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The Grandfather Trail and the Daniel Boone Scout Trail at Grandfather Mountain State Park in North Carolina have ladders and cables. The Underwood Trail has one ladder. A full list of trails is available here.

More information about Walking and Hiking at Grandfather Mountain is available here.

7 years ago
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john crew...
Where can you kayak in alligator river < where can we rent a Kayak at Alligator River? is there a good place to snorkel at cape Hatteras
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Alligator River National Wildlife Refuge, Bouldering, Civil War, Kayaking, Snorkeling, Bird Watching, Fossils, Rock Climbing, Marine Life, Wildflowers, Hiking, Kids Activities, Park Passes and Fees, Photography
7 years ago
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Ask_Jeff
28 Answers
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There is a boat launch is at the head of the Sandy Ridge Wildlife trail the launch is a small dirt ramp located near the bridge. More info here.

Check in at the Cape Hatteras National Seashore for the best places to snorkel. Call (252) 473-2111

7 years ago
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john crew...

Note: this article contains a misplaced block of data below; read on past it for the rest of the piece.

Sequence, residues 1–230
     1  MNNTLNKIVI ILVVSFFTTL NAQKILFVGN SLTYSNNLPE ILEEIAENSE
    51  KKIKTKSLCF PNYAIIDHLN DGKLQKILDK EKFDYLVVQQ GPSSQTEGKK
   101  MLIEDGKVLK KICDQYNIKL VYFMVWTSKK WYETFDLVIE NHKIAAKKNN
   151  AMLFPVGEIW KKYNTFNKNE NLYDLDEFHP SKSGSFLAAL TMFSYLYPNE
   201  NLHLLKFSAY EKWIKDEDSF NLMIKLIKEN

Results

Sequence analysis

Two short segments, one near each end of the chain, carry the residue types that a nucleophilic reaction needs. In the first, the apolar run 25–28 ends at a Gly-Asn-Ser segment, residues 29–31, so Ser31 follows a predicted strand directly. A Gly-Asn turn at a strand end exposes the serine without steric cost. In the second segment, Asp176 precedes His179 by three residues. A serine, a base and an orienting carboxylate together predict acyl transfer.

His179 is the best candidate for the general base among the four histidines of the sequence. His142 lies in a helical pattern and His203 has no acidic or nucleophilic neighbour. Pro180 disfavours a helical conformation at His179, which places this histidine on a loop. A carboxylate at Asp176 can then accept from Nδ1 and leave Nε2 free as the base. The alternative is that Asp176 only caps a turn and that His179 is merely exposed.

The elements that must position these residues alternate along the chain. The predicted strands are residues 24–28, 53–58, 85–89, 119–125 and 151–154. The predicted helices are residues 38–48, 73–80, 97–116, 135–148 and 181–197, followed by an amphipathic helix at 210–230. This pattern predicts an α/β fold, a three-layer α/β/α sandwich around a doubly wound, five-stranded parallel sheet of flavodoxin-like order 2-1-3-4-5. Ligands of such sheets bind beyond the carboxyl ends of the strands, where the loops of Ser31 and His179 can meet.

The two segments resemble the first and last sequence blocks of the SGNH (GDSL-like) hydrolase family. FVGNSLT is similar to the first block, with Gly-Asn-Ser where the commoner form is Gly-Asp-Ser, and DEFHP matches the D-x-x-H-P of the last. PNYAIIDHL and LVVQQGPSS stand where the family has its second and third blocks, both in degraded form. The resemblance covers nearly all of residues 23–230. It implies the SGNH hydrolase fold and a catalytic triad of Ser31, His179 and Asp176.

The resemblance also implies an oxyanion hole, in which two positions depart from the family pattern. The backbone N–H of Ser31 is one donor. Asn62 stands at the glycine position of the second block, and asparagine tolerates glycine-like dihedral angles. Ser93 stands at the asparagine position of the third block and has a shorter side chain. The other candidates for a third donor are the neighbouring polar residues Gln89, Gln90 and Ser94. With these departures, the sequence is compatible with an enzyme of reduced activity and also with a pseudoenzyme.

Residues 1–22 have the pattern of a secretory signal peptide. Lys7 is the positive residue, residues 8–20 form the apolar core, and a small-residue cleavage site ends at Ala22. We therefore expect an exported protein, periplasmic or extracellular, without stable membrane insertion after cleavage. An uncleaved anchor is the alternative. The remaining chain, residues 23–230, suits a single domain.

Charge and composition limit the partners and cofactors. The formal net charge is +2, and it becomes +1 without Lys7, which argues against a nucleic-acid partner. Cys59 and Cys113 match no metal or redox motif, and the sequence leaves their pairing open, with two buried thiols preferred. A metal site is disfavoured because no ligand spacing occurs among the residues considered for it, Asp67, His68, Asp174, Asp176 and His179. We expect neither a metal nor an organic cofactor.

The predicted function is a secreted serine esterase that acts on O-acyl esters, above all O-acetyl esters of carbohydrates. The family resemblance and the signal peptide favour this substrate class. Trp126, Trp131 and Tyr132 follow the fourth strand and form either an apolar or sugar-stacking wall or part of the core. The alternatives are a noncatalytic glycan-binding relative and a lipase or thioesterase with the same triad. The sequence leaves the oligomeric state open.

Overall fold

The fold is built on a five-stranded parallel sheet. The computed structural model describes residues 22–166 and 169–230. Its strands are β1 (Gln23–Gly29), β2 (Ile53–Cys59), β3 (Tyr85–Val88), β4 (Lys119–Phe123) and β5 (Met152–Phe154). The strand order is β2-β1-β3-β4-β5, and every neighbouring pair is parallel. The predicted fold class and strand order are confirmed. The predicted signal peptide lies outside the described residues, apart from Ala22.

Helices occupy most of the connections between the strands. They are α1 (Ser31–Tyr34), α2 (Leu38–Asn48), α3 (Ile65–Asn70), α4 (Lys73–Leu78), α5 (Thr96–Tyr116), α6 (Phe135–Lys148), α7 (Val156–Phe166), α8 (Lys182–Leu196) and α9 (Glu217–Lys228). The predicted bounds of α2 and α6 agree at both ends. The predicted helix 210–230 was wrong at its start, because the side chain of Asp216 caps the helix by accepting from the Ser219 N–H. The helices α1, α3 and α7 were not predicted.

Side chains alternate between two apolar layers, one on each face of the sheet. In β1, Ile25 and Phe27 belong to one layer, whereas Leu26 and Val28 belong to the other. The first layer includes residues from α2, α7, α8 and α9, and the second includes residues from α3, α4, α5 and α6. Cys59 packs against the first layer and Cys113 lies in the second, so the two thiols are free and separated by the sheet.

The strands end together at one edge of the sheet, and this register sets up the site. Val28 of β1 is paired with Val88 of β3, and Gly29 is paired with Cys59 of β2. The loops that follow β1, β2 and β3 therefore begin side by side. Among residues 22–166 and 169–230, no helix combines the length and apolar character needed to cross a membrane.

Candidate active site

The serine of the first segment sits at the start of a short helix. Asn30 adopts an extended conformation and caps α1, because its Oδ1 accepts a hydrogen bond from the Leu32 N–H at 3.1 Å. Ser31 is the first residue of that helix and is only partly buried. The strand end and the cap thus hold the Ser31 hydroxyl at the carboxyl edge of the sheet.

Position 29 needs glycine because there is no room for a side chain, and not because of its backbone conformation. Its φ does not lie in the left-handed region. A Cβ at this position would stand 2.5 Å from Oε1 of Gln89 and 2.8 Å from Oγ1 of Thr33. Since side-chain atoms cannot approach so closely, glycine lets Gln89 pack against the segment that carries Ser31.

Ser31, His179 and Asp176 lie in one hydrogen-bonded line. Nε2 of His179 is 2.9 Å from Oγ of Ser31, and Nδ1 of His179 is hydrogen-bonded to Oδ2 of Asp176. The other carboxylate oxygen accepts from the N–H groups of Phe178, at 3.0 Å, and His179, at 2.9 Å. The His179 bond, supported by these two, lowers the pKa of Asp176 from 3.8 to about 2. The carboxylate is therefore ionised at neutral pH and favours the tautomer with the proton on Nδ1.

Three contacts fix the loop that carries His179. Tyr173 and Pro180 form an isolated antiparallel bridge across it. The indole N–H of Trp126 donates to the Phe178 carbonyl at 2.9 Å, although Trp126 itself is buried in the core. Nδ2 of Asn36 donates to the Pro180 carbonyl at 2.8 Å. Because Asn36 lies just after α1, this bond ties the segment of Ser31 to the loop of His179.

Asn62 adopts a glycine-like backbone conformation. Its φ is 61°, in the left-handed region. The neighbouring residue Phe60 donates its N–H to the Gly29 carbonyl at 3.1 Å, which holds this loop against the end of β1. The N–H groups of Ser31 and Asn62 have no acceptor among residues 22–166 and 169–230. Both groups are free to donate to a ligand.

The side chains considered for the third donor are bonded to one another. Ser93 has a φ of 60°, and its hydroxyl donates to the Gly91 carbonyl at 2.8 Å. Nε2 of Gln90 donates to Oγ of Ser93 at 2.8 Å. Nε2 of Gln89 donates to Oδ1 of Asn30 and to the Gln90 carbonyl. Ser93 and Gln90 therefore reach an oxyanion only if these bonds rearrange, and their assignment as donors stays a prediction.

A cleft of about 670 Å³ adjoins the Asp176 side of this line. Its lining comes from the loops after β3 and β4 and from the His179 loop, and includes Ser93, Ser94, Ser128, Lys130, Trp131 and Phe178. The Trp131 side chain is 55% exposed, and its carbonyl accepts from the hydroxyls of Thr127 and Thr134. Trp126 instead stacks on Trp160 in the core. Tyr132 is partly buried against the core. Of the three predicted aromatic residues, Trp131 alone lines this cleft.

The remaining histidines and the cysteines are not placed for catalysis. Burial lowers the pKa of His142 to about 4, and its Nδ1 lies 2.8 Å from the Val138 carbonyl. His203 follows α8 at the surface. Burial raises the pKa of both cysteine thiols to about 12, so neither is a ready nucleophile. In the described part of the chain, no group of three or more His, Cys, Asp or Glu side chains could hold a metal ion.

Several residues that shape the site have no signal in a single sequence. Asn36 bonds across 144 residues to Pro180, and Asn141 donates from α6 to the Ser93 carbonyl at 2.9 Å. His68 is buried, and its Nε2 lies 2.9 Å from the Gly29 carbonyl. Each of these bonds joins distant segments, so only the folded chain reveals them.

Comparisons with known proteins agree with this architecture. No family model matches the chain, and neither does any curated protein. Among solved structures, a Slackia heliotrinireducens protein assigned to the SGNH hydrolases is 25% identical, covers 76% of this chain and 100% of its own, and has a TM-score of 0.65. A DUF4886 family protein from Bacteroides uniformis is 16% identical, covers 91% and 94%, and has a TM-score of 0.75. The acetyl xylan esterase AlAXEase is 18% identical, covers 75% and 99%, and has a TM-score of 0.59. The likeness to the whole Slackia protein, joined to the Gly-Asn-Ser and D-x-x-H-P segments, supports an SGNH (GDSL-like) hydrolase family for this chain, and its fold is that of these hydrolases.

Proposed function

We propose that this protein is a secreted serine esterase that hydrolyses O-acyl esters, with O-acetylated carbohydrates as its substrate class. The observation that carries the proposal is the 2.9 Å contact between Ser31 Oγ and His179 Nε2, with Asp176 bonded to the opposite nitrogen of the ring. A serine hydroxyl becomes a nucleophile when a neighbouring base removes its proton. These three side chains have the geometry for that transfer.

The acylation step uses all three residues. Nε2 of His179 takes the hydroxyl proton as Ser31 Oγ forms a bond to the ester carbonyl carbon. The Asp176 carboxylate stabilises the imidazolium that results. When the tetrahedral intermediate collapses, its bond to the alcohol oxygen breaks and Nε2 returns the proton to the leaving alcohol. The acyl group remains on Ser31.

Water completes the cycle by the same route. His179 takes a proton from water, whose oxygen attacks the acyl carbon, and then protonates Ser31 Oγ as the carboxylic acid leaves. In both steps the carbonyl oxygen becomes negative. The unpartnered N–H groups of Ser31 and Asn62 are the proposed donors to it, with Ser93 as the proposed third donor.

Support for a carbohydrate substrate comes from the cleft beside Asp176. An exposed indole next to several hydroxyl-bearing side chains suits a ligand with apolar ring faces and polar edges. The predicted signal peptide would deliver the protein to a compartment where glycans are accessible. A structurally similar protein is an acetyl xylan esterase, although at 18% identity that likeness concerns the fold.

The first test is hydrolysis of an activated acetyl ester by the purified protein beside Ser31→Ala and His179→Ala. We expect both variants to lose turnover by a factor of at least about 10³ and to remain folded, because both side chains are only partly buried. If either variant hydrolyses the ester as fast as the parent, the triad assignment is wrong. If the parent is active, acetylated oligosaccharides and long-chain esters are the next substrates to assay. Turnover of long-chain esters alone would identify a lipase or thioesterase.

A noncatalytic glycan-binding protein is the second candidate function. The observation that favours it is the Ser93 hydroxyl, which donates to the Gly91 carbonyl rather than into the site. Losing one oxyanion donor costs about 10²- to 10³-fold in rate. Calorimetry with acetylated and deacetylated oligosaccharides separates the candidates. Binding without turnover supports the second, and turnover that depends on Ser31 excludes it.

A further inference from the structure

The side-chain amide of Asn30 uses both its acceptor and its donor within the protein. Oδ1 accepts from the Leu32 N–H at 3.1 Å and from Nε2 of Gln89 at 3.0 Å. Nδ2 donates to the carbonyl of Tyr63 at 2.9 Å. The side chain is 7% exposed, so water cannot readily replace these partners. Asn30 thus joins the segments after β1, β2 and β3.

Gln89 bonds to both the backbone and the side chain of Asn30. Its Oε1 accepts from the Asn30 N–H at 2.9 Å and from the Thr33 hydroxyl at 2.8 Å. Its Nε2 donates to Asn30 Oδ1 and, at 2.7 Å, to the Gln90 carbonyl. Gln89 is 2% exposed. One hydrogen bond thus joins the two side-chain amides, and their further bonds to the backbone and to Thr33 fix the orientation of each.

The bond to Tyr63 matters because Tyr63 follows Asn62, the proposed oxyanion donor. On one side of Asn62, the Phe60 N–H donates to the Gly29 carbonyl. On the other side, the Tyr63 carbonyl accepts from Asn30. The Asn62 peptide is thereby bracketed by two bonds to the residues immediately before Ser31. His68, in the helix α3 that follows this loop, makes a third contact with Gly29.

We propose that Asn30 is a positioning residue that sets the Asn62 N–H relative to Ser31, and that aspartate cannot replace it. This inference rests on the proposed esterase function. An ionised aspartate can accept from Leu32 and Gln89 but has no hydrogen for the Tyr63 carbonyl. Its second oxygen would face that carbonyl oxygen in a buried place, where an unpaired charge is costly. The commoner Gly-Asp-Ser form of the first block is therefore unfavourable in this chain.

Dear Ranger Hello we are planning to visit Shenandoah National park October 10 - 15. We want to camp. Will a camp site hold two tents? We plan to climb Old rag, hike White oak canyon, Stony man trail . Last year I believe we camped at Big Mead
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Shenandoah National Park, Bouldering, Cross-country Skiing, Civil War, Kayaking, Snorkeling, Bird Watching, Fossils, Rock Climbing, Snowboarding, Gear, Health & Fitness, Camping, Hiking, Kids Activities, Lodging, Park Passes and Fees, Photography, Volcanology
7 years ago
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Ask_Jeff
28 Answers
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Yes, it can hold two tents, as long as they're both not huge! There are four campgrounds in Shenandoah National Park: Mathews Arm (mile 22.1), Big Meadows (mile 51.2), Lewis Mountain (mile 57.5) and Loft Mountain (mile 79.5)

7 years ago